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Man Utd Classics: Super sub Solskjaer scores four at Forest

April 17, 2020

"WITH just under 20 minutes to go, I brought on Ole Gunnar Solskjaer for [Dwight] Yorke and Ole scored four in 13 minutes, an incredible feat,” said Sir Alex Ferguson after Manchester United had just beaten Nottingham Forest 8-1 at the City ground on February 6, 1999 – the 41st anniversary of the Munich air disaster.

United were going for the treble. It might have been the quadruple had Spurs not knocked United out of the League Cup in December. That was when assistant manager Brian Kidd left to manage Blackburn Rovers and Solskjaer declined an offer to join Spurs. He would have played first team football, he would have seen his wages rise. North London life might have been considered attractive too.

But Solskjaer was having none of it. He was a Manchester United player and that was that. United had suffered a major wobble in December ’98. Six games in the month, their record read P6 W0 D4 L2. If social media had been around then, anonymous lunatics would have been calling for Ferguson’s head.

So United were third in the league on Boxing Day 1998 behind Chelsea and Aston Villa. United had won eight of the first 18 league games of that famous season.

“I got the players together (after a 2-3 home defeat to Middlesbrough) and told them that enough was enough,” said Ferguson. “I went over the goals on video and told them how shocking they were for a club of our reputation and standing. I stressed it is not going to continue and will not be tolerated, even if it means playing four young lads at the back. Sometimes the blunt truth is better than sympathising.” 

The form started to pick up with a 3-0 home win against Forest on Boxing Day, Ronnie Johnsen getting two. After a draw at Chelsea, United won six in a row. Liverpool were knocked out of the FA Cup with two late goals from Solskjaer and Yorke. Leicester were hit for six away, though Solskjaer didn’t feature that day. And then came another away game in the East Midlands, that Forest match. United were now top of the league, Forest bottom with only three wins from 24 games.  

The away end was sold out in a 30,025 crowd. The City Ground, a venue United fans miss going to, was smartened up in the 90s with a new Bridgford End replacing the away terrace United fans stood on when a Mark Robins’ goal likely saved Ferguson’s job in 1990. At the Trent End, a new big stand was built for Euro ’96.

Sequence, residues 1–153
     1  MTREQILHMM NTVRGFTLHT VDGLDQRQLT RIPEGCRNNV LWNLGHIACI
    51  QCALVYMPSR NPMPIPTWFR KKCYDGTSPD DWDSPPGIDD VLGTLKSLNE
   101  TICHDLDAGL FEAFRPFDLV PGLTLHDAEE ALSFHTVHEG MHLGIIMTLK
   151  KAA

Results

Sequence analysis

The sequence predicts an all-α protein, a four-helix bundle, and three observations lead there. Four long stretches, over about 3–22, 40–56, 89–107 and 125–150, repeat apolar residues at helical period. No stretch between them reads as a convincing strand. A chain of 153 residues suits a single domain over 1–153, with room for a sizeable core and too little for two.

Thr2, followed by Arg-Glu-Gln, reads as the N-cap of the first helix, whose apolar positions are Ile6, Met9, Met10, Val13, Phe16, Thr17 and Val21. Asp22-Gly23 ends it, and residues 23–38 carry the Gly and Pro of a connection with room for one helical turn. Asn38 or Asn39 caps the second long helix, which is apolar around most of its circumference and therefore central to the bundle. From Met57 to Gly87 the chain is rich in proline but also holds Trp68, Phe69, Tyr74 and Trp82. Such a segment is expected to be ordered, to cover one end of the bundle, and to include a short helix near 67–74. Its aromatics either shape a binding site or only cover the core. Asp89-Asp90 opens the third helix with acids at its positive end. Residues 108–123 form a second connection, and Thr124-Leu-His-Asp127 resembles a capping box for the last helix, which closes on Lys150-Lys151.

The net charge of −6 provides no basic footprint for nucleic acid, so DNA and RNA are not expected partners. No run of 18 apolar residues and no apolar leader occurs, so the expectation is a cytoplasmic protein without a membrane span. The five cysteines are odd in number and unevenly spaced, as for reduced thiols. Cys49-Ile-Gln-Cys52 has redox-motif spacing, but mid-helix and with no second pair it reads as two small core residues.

United went ahead after two minutes through Yorke and had a second goal after seven, yet Forest had equalised before Andy Cole chipped into an empty net. It was only 2-1 to United at half time before Cole and Yorke combined with the latter scoring the third after 50 minutes. It was 4-1 after 67 minutes. Yorke scored from a Jesper Blomqvist cross before making way for Solskjaer after 72 minutes.

With minutes left on the clock, it was still 4-1 when Solksjaer scored his first, tapping in a cross from Gary Neville. And it was still ‘only’ 5-1 on 88 minutes when David Beckham struck a long diagonal ball down the middle towards Solskjaer. Goalkeeper Dave Beasant beat his first attempt away but the Norwegian was straight onto the rebound, taking the ball around Beasant and smashing it into the roof of the net.

Solskjaer’s third and United’s seventh came two minutes later when Scholes, advancing through the middle, fed Solskjaer on his left to volley in. Solskjaer’s fourth and United’s eighth came in time added on when Nicky Butt centred from the right. Scholes mishit a shot but the ball spun towards the baby faced one and he arrowed it past Beasant. His four goals had taken just 13 minutes and 48 seconds and he was the first top class substitute to score four goals. His rapid reactions were evident in all.  

“Devastation on a grand scale,” said Ferguson. “Solskjaer was the substitute from hell. The only one in the dug out who may not have been celebrating was Dwight. He was on a hat-trick again when I brought him off. His usual smile looked a little fixed as he no doubt thought those four goals might have been his!”

It was the first time United scored eight away from home since they were called Newton Heath. Not a bad day for Steve McClaren’s first trip as assistant manager after replacing Kidd. Jim Ryan was also retained as an assistant with the responsibility for explaining to players why they were dropped for a match so that Ferguson could concentrate on the next game.

“It’s going to be all downhill,” smiled Ryan to McClaren. Nobody had to to explain to Solskjaer.

“Ole is a fantastic finisher,” said Ferguson. “If I ever felt guilty about the teams I pick and the players I leave out, it invariably centres around him. He really deserves better than the number of games I give him, but the other factor that influences me is that he is better than anyone else at the club as a substitute. He can come on and not be disturbed by it. He finds the flow easily and has scored an amazing number of goals as a sub. I am sure he hates being called super sub, and it’s unfair, but the fact is…he is!”   

Forest’s vastly experienced goalkeeper Dave Beasant had a different take.

“It was the lowest of the low,” he said. “It has taken me 20 years to concede that many goals in a match. The Andy Cole and Dwight Yorke partnership is unbelievable. I’ve faced great strikers in the past but you don’t normally see two at a time like that. And even more frightening is that they can bring on Ole Gunnar Solskjaer who would be in anyone else’s team from the start.”

Solskjaer kept his place in the team for an FA Cup 5th round game against Fulham a week later. This time, he set up Cole for the game’s only goal. Solskjaer would guarantee his supersub status for posterity in the incredible late coda to what turned into a spectacular season for Manchester United.

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